I recently attended a friend’s wedding in Berlin. It was a wonderful day and in the evening it was time for the obligatory speeches. The groom chose to give his speech in German, the language of his bride, rather than in his native tongue, and it was delivered in such a heartfelt, sincere and seemingly confident way that everyone in the room hung on his every word (regardless of whether they spoke German). He later told me that he had practised intensively every day beforehand and had worked hard on delivering his speech in a competent fashion. It paid off!
I learned a lot from this experience. As business owners, at some time or other, we all have to speak in public to some degree – for example when delivering a sales pitch or giving a presentation – and we all have nerves and some stage-fright (which by the way come with talent, as a famous actress used to say). So here’s what I learned from my friend:
1) Preparation is the name of the game. As the old kung fu wisdom goes: “It is better to sweat in practice than to bleed in battle.” If you’re going to speak in public, do your homework first. Find out who will be in the audience and what makes them tick. How can you appeal to them? What’s in it for them?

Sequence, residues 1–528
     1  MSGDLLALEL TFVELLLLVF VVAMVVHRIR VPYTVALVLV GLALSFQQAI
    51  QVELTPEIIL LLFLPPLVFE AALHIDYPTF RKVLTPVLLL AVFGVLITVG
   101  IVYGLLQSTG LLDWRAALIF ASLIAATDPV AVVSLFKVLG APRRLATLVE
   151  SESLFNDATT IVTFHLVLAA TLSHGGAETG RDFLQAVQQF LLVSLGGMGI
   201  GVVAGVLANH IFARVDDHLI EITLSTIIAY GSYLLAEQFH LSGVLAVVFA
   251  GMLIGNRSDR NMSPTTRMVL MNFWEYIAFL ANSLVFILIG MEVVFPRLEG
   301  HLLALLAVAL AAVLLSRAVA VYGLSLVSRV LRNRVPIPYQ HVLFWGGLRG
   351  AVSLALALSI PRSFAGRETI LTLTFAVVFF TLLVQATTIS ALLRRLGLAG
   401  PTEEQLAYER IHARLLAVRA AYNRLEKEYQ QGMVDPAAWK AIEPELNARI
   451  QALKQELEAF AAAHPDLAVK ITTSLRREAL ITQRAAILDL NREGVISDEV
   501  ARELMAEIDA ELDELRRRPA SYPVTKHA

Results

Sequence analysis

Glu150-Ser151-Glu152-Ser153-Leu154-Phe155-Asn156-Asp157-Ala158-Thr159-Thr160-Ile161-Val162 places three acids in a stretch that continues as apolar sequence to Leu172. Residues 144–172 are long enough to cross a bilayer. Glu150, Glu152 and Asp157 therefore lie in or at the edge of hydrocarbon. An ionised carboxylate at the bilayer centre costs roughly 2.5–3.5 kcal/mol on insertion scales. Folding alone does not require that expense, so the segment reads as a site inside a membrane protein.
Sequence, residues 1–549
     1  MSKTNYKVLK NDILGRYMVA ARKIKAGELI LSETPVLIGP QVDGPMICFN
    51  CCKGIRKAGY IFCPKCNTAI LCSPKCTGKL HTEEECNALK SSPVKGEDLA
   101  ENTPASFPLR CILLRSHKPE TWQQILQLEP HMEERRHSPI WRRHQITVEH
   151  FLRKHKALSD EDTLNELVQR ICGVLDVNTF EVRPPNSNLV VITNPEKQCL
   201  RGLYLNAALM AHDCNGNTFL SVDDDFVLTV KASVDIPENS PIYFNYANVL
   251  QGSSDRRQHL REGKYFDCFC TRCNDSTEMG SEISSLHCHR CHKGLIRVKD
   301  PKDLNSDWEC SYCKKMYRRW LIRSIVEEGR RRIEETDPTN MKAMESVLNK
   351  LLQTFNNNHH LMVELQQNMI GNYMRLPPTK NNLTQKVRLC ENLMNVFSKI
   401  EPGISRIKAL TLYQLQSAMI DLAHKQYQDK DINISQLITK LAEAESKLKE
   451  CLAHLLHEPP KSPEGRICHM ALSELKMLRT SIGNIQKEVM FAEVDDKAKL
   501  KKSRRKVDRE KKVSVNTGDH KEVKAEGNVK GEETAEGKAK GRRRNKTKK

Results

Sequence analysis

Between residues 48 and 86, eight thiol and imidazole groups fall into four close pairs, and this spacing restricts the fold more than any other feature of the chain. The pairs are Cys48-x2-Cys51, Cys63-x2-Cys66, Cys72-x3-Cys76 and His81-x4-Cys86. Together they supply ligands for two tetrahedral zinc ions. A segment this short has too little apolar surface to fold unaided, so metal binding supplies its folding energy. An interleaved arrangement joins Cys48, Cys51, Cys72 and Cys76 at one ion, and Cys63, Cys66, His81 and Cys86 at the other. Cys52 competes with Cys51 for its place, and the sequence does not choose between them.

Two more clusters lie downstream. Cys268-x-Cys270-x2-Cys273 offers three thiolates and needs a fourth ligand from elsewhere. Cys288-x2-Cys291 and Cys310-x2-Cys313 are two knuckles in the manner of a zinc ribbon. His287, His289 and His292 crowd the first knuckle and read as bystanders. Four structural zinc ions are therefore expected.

2) Learn as much as you can by heart and just stick to a few key points on a card (or slide). Too much text inhibits your delivery and you’ll lose valuable eye-contact with your listeners. Learning at least the first two sentences of your speech by heart is a winner every time and acts as a springboard to get you on your way.
3) Be you. What’s your USP? Authenticity can’t be learned. Sincerity can’t be faked well. If you’re saying words you can relate to, in a style that reflects how you normally speak, rather than trying to use too many difficult words and pepper your speech with jargon, you’ll come across as real. This authenticity will then rub off onto your brand and people will connect better with you. People buy from people. (However, be careful with opening jokes in a multi-cultural environment; sometimes people don’t share the same brand of humour.)
4) Speaking at safe environments such as family gatherings can be a valuable training ground. You can practise reaching the whole room with your voice (always speak from your diaphragm and take deep breaths before you start).
5) Ask for feedback afterwards. (My friend did this too). As Jack Canfield says: “Feedback is the breakfast of champions”.
6) And finally my own personal tip: Visualize your speech going well. Successful footballers, for example, visualize the ball hitting the back of the net before they strike a penalty. So run the film first. This positively programmes the brain and you’re more likely to attract a positive experience.